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Women empowerment books

Maybe it ‘s because I’m getting older, maybe it’s because my eyes are more open, maybe it’s because the situation has gotten so bad that I just can’t help but notice that we, women, have to fight all day, every day, if we want to achieve our goals. Harder than men, that is.  Am I stating the obvious? Of course, but I wanted to emphasize the fact that I never felt truly discriminated as a woman until a few years back, when I realized how many things were different for me when compared to my male coworkers. Nor did I perceive how many times I was letting myself down by being sexist. Me? Yes! Here, as in every aspect of our lives, it’s in the little things… I was allowing and encouraging some absurd behaviors and I think I’m not the only one that has done this. But somehow it comes a time in every woman’s life when she just opens her eyes and from that moment on there’s no way back.

I’ve always consider myself a feminist. When I was a kid and all my cousins would be eating together my grandmother (a very liberal and tolerant woman, but a woman of her time all in all) would tell me to bring dessert/ another spoon / whatever to my male cousins so that they don’t have to get up. I would push my glasses up my nose, complain, get up… and bring dessert for myself and told them to grab theirs if they wanted it. I obviously didn’t realized that was sexist, but somehow I knew it was wrong. The little things, see? A lot of years later, I got a job promotion after passing a couple of quite hard tests and a male colleague asked me who I slept with to get the job. He was kidding… but was he? So from one innocent incident to a very malicious remark, it’s always been there. And it’s always been hurtful. (Side note: I’ve always been privileged, with access to a good education, health care and a strong support network. I can’t imagine how this affects women in diffucult circumstances)

But pain turned into rage. And I answered the best way I know how to: reading. And just as I realized how I’ve always been aware of discrimination, I recognized that my shelves were always full of women empowerment books. It all started with Marian Keyes. The way I see it, her books are all about woman empowerment. Her books have helped me in different stressful moments of my life. They are funny, emotional and they make you feel hopeful and capable of changing your life, therefore, powerful.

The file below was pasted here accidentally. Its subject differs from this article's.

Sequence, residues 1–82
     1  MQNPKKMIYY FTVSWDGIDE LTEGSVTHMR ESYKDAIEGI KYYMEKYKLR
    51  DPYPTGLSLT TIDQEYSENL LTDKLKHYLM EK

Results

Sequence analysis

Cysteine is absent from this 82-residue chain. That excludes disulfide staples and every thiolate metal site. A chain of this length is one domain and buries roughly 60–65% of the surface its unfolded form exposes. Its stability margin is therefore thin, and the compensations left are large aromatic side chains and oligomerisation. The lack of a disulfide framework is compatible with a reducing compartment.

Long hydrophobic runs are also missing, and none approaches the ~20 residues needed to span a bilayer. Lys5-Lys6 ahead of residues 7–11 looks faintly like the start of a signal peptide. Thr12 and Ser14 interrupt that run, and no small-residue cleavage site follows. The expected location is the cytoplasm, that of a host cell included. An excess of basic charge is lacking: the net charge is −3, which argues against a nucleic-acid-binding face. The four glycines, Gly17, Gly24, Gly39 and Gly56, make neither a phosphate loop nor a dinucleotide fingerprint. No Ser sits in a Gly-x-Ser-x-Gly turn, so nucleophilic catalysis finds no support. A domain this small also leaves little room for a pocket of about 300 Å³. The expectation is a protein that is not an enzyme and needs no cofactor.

I’ve been collecting and reading all kinds of books written by women. From graphic novels like Persépolis to novels like The invention of Wings. All levels, all backgrounds. You might have read or at least heard about the books pictured above. They have taken over the internet at some point, they have been the target of many critics and praises. In my opinion, what’s really important is that there are lots of women brave enough to give us all a voice. Sometimes we might not agree with them or even feel that they represent us, but surely we will identify with some chapters or ideas. Most of the times, we’ve been struggling with the same problems.

One of my favorite women empowerment books is Lean In, by Sheryl Sandberg. I can’t recommend it enough. After reading this book you will have more self-confidence to face the workplace as a woman. Guaranteed. It talks about her own experience in the corporate world and addresses most of the disadvantages and problematic situations that women encounter in the average working environment. But most importantly, she gives honest advice and proactive solutions. If you are a woman and you work, you have to read this book.

So, little but little, these books are making their way to the bestsellers lists, and that’s fantastic. I hope lots of women keep writing and lots of women keep reading. And now it’s your turn: any recommendations?

EDIT: one or our follwers, The Armchair Parisian, has left two recommendations in our Instagram feed: Big Magic, by Elisabeth Gilbert, and Playing Big, by Tara Mohr.


  1. On women’s day a friend told me a big truth about sexism. We say that there are no big differences between men and women and we don’t feel trully discriminated but we are the ones that are afraid when at night cross a group of men, and this is a true seign that things are not the same for men and women.

    • I see those differences every day, mostly (and sadly) at work. We all have to learn to spot those tiny discriminations and fight against them. I hope new generations grow up to be better at equality than we are!

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